1. In the Vendée, the only practical advice is to carry a mask with you when you visit a new place. There are rules for the department but Mayors now add particular places, times, or types of route, using their local knowledge. Outdoor markets and pedestrianised streets are examples of the places which can be mask free in one village or town but not another. A market which is mainly outdoors may be classified as indoor because a small part is covered. Local rules I’ve come across all seem to be necessary, i.e. crowded places.

  2. Not true in Mandelieu la Napoule
    I live there only compulsory in enclosed shopping areas not in street or open market.
    Correct facts please

  3. Still no compulsion in Mandelieu-la-Napoule except in shopping malls and shops nothing outside.
    Facts please get it right

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COVID-19

‘Serious malfunctions’ at French research unit headed by Didier Raoult

A criminal investigation is set to begin into the Marseille research unit headed by controversial scientist Didier Raoult, after a report found "serious malfunctions".

'Serious malfunctions' at French research unit headed by Didier Raoult

The findings of the joint investigation into the IHU at Marseille by the Inspection générale des affaires sociales (IGAS) and the  l’Inspection générale de l’éducation, du sport et de la recherche (IGESR) prompted Health Minister François Braun and Research Minister Sylvie Retailleau to refer the unit to the city’s public prosecutor, urging it to investigate “serious malfunctions” at the institution.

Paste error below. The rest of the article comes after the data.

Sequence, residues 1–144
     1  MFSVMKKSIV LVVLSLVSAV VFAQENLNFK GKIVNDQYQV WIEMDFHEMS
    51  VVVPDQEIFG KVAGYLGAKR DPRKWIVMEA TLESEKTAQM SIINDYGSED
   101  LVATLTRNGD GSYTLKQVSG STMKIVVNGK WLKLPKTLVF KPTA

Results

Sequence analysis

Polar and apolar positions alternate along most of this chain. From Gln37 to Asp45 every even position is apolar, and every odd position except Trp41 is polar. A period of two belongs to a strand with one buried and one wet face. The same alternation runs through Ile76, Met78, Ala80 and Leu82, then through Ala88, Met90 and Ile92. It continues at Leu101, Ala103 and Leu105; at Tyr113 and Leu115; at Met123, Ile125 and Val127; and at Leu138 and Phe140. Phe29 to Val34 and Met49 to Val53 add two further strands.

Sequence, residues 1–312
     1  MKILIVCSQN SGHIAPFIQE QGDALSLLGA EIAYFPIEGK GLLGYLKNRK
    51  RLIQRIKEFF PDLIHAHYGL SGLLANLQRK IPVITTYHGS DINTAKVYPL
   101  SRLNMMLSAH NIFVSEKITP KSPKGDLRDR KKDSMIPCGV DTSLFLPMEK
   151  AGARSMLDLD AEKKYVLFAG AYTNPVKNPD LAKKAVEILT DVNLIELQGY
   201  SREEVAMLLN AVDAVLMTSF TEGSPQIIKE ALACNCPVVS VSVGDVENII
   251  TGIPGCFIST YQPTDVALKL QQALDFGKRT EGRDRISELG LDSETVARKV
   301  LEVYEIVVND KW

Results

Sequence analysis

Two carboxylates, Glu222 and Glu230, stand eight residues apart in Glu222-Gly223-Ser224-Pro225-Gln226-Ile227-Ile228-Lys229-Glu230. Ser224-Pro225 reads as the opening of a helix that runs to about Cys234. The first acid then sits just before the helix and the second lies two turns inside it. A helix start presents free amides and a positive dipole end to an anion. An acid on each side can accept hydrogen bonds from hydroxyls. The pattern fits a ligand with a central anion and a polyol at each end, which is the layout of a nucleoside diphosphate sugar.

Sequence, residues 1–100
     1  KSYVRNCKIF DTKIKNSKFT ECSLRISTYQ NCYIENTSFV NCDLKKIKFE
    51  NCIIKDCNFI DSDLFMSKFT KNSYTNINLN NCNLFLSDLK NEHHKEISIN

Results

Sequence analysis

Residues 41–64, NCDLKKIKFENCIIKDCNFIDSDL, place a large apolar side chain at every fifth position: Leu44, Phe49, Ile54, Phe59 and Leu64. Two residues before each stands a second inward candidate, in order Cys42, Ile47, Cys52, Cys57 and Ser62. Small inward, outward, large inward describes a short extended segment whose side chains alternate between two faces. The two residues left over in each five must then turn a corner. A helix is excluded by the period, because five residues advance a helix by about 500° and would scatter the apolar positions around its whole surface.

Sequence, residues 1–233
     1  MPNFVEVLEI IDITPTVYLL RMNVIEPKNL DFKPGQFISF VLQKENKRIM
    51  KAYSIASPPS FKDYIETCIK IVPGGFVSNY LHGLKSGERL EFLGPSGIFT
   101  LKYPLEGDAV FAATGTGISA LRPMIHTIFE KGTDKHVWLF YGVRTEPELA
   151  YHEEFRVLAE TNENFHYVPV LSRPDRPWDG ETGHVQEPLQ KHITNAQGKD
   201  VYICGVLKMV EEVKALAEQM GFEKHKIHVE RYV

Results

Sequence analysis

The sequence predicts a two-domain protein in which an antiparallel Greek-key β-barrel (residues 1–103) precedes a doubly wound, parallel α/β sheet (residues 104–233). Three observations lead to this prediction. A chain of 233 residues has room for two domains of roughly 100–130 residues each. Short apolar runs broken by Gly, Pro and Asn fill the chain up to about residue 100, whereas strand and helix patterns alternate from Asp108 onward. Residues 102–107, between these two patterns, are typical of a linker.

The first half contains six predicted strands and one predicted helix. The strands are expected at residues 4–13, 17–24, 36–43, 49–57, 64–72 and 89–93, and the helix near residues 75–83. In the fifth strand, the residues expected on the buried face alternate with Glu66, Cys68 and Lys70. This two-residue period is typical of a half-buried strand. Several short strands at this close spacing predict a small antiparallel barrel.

Raoult was head of the unit from its foundation in 2011 until his retirement this summer.

The controversial microbiologist gained significant worldwide attention during the Covid-19 pandemic for his vociferous promotion of hydroxychloroquine as a treatment, despite a lack of evidence on its effectiveness.

READ ALSO Five minutes to understand: Whatever happened to French professor Didier Raoult?

He was succeeded as director by Pierre-Edouard Fournier.

The ministers said that a number of issues highlighted in the latest report are “likely to constitute offences or serious breaches of health or research regulations”.

Fournier, and the institute’s seven founding members – including the University of Aix-Marseille, Assistance Publique-Hospitals de Marseille, the Research Institute for Development or the army health service – will now be summoned by their supervisory bodies to “implement a proactive action plan as soon as possible” which “will condition the continuation of the activity of the IHU-MI and its funding by the State”, according to the joint communiqué of the ministers.

The IHU was already under judicial investigation for “forgery in writing”, “use of forgery in writing”, and “interventional research involving a human person not justified by his usual care without obtaining the opinion of the committee for the protection of persons and the authorisation of the Agence nationale de sécurité du médicament et des produits de santé (ANSM),” the Marseille prosecutor’s office said on Tuesday.

In an earlier report, the ANSM had noted “serious breaches of the regulations for research involving humans”, during some clinical trials.

READ ALSO Maverick French Covid doctor reprimanded over ‘breaches’ in clinical trials

François Crémieux, the director of Marseille public hospitals, told local newspaper La Provence on Tuesday that the establishment “shares the observation of managerial excesses of certain hospital-university managers occupying key functions within the infectious diseases division”.

“The legitimacy of the IHU has been affected. It has lost its scientific credibility. It must now be regained. 800 highly skilled professionals work there every day,” he added.

Raoult bit back at the report in a tweet, saying: “I regret that the IGAS/IGAENR mission does not take into account the detailed legal and scientific response that I have provided”.

Separately, Raoult will be in court on Friday as his defamation case against Karine Lacombe, Professor of Infectious Diseases at Sorbonne University Faculty of Medicine, comes before judges.